• Commuter Rail connecting Raleigh/Cary/Garner to RTP/Durham/is being discussed. This project isn't as far along as the light rail and the "initial phase" is tentatively set for sometime between 2026 and 2035
  • An extension of the commuter rail line to Hillsborough to the west and Clayton to the East has also been proposed for evaluation for the 2036-2045 time frame.
  • Commitment to increased frequency and expanded service area for buses (ongoing)
These big projects feel as though they are a long way off, but we are just a few years from the start of construction on the Durham-Orange Light Rail. These projects are massive undertakings, but again, will cause more construction headaches in the short term. As for the bus plan, it may not be as sexy as the light rail project, but it is good to see resources being used to improve that system. There were not many details in the report about just how far the improvements will go, though.

Bicycle and Pedestrian Commitment

The Metropolitan Transportation Plan doesn't address specific bicycle and pedestrian projects, deferring to specific, localized plans. However, the DCHC MPO does include the following statement.
The DCHC MPO bicycle and pedestrian policy basically expects any roadway or other transportation project, whether it is a new or improved facility, to include appropriate pedestrian and bicycle accommodations.
Sure, I would love to see majestic walking/biking bridges connecting Main St to the American Tobacco Campus, or similarly grand plans. However, I will take better sidewalks on streets like W Corporation. Small steps are a start in building a more connected city.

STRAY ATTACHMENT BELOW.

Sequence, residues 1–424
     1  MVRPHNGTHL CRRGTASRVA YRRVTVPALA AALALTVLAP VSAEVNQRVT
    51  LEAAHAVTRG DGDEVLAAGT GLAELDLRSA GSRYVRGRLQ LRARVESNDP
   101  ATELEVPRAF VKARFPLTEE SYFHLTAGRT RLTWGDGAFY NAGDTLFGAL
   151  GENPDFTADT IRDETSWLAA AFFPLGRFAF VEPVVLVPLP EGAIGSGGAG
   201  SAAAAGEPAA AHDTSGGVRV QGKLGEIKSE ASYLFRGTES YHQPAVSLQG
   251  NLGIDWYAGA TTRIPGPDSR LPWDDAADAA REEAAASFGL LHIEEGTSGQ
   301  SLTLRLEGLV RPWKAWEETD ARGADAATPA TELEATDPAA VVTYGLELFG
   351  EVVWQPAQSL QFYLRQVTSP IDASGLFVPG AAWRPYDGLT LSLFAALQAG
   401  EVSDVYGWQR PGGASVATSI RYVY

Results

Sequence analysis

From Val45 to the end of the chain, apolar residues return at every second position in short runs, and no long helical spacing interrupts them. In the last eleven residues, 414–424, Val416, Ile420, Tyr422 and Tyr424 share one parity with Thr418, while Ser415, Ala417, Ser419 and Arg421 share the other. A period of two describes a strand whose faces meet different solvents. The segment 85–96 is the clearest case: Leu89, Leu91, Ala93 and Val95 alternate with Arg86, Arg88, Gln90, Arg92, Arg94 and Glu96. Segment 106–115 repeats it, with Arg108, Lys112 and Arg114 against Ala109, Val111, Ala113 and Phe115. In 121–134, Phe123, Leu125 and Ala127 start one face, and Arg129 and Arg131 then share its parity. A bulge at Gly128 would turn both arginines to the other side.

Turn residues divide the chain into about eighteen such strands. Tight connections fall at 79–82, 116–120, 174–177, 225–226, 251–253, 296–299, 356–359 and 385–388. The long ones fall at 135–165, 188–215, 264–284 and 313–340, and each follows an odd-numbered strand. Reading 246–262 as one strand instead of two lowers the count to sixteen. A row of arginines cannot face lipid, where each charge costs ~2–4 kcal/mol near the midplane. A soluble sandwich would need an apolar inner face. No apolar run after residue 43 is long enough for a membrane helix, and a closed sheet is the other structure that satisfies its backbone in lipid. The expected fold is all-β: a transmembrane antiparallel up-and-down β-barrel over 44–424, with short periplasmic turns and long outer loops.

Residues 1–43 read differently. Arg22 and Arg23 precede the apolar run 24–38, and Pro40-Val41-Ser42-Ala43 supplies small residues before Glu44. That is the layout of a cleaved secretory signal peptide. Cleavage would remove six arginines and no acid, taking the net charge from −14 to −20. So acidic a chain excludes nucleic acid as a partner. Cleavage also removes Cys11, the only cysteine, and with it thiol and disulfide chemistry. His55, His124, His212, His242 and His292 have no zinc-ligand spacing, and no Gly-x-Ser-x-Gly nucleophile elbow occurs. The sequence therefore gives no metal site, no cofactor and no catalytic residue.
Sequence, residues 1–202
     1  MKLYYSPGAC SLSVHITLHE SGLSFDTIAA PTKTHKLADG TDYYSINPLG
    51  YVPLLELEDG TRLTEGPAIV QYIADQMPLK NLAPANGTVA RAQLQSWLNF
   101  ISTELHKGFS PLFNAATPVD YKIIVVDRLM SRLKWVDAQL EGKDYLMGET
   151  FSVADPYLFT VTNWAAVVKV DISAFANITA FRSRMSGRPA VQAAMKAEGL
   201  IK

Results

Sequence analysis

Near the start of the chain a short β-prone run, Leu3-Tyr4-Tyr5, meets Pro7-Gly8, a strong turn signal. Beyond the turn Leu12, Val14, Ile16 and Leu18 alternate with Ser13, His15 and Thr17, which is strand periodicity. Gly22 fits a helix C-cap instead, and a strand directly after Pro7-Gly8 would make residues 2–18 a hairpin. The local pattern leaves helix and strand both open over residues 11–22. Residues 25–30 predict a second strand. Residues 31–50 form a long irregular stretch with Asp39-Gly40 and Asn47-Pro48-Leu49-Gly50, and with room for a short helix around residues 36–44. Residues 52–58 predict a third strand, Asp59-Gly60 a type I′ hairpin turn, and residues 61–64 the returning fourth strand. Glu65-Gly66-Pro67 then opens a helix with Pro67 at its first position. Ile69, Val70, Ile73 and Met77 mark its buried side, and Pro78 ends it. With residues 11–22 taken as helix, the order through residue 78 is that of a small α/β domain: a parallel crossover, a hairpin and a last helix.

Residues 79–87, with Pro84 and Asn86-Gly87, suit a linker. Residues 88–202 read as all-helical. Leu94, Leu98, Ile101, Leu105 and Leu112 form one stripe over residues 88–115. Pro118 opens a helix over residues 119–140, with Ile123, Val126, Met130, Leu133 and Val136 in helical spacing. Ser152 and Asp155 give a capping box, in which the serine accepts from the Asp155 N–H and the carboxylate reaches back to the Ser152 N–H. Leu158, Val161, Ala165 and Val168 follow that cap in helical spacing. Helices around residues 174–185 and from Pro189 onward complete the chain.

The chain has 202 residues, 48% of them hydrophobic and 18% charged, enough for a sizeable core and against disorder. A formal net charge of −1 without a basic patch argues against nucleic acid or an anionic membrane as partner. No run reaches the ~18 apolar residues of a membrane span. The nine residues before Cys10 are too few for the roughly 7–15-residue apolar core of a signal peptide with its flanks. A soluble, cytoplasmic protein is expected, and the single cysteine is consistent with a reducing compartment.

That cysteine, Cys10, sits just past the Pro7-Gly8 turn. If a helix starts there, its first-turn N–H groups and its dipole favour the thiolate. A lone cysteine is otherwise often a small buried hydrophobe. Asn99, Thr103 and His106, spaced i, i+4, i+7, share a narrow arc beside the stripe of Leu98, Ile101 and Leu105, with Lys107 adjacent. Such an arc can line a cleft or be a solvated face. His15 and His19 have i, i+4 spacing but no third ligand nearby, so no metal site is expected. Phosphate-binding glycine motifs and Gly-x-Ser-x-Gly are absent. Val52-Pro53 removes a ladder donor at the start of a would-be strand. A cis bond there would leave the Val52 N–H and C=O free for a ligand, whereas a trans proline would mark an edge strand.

In terms of investment, the plan does lay out how much money it plans to dedicate to bicycle and pedestrian projects:
I appreciate the large amount of funds dedicated to projects in Durham. However, the budget for the Raleigh area is larger, even on a per capita basis.

The Rise of Autonomous Vehicles

I was thrilled to see that autonomous vehicles (grouped under Intelligent Transportation Systems - ITS) were featured in this report. The report wisely believes that significant market penetration of autonomous vehicles won't happen until the later part of the plan (closer to 2045). However, it concedes that it could happen sooner and there is a plan to meet, discuss, and update the plan as the technology rolls out.

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The Metropolitan Transportation Plan covers these  and other projects in greater detail. If you are interested, please do check it out for yourself. It touches on areas such as RDU, budgets, their process, and software systems that they use for the plan. RDU in particular is interesting and I may have a post on RDU's Vision2040 plan in the future. For now, there is a lot to be both excited about in the long term and concerned about in the short term (construction woes). Overall, Durham and the Triangle are in a good position going forward.

Comments

  1. The Triangle roughly doubled in size from 2000-2015, so one wonders how we come to a halving of the growth rate over the next 30 years. At current growth rates, we are DC size by 2040.

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    Replies
    1. Agreed! I have to imagine growth will slow down before we hit D.C.-levels, and maybe that's what they are banking on, but the projections seem low to the eye-test.